Samuel Bryant


Samuel Bryant wants to facilitate interracial discussions in Jackson.

Samuel Bryant may have left Mississippi for 52 years, but he is hoping his experiences as a community organizer and artist in Portland, Ore., will help his goal of facilitating interracial dialogues in Jackson.

Bryant, 61, was born in Wesson, Miss. In 1956, Bryant's father decided to move his family to Oregon where he felt it would be safer to raise his children after Emmett Till, a black 14-year-old boy, was murdered in 1955 for reportedly whistling at a white woman in Money, Miss. In 2005, Bryant moved back to Jackson and opened Color Red Eagle Gallery on Farish Street. The gallery closed in 2007, and Bryant who has since retired, or as he says "refired," co-founded the nonprofit organization Revelation Ministries International with his wife, Judy Bryant.

Revelation Ministries provides community services in the city, and as far away as Zimbabwe. Services include building churches, fostering interracial dialogue, computer education, marriage classes, art education and an HIV/AIDS awareness program.

Bryant, who was a photographer for Oregon's Department of Energy and art gallery owner in Portland, co-founded Oregon Uniting in 1997, to end ethnic, racial and religious division through honest dialogue. The organization held interracial dialogues at several institutions including Hewlett- Packard and the University of Oregon. In 1999, the group organized Day of Acknowledgement, a now-annual event at Oregon's Capitol where more 800 people gather to acknowledge the state's history of racism.

Bryant says he wants to facilitate similar interracial dialogues in Mississippi. "Racial tensions and cultural issues just seem like they are coming out of the woodwork," Bryant says, "And it's not all positive, and we want to do what we can to get people to talk. And that's one of the things we need to do is just talk, no matter how painful it is. Because in the pain is a cure for the pain."

Since coming back to Mississippi, Bryant has hosted a few interracial dialogues with the John Perkins M. Foundation for Reconciliation and Development, as well as Cornerstone Church, but would like to do several more.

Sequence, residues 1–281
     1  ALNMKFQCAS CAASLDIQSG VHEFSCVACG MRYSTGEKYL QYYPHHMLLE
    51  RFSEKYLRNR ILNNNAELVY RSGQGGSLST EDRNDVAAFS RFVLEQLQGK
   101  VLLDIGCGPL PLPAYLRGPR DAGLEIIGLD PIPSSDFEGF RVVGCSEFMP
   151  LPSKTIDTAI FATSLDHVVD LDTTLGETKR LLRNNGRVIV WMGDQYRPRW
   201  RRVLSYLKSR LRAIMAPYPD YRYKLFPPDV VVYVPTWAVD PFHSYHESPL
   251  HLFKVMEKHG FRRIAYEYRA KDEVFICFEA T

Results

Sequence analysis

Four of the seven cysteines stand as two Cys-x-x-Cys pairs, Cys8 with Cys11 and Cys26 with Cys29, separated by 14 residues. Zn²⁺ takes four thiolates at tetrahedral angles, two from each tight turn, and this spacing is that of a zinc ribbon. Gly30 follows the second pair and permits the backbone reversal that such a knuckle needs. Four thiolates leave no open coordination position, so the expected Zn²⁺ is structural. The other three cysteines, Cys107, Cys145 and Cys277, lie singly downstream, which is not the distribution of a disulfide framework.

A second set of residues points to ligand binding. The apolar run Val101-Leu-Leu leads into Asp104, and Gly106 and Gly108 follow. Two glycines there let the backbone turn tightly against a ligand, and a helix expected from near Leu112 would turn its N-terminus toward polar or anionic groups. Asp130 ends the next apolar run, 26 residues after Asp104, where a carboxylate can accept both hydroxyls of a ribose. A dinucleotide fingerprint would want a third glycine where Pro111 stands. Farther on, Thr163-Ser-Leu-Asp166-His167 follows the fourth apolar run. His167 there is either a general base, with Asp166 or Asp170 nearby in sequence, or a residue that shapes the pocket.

"There's work to be done here, he says, "and I don't mind putting my nose to the grindstone."

Bryant and his wife received interracial-dialogue training from Hope in the Cities, an organization based in Virginia.

During the dialogue, Bryant says eight to 12 people discuss racism. The dialogue can take place over several meetings for a total of 12 hours. He says reconciliation and responsibility are two of the main outcomes of the discussions.

"Reconciliation is an ongoing process," he says. "Responsibility is (taking) what we know and looking at the results. How do we pass on the message?"

Bryant routinely travels to Zimbabwe where Revelation Ministries is funding the construction of a church. He hopes to soon add a dormitory and a clinic. He says he is looking forward to be a part of Jackson's progress.

"I do like what people are doing in Jackson. I like the fact that it's growing." I like that diversity is becoming more evident, and we can look from the outside and see diversity, but there's still a lot of stuff in our heart and our psyche that we need to work on," he says.

For more information about hosting racial dialogues for your organization or about becoming a facilitator, contact Bryant at 601-668-2102 or [e-mail missing].


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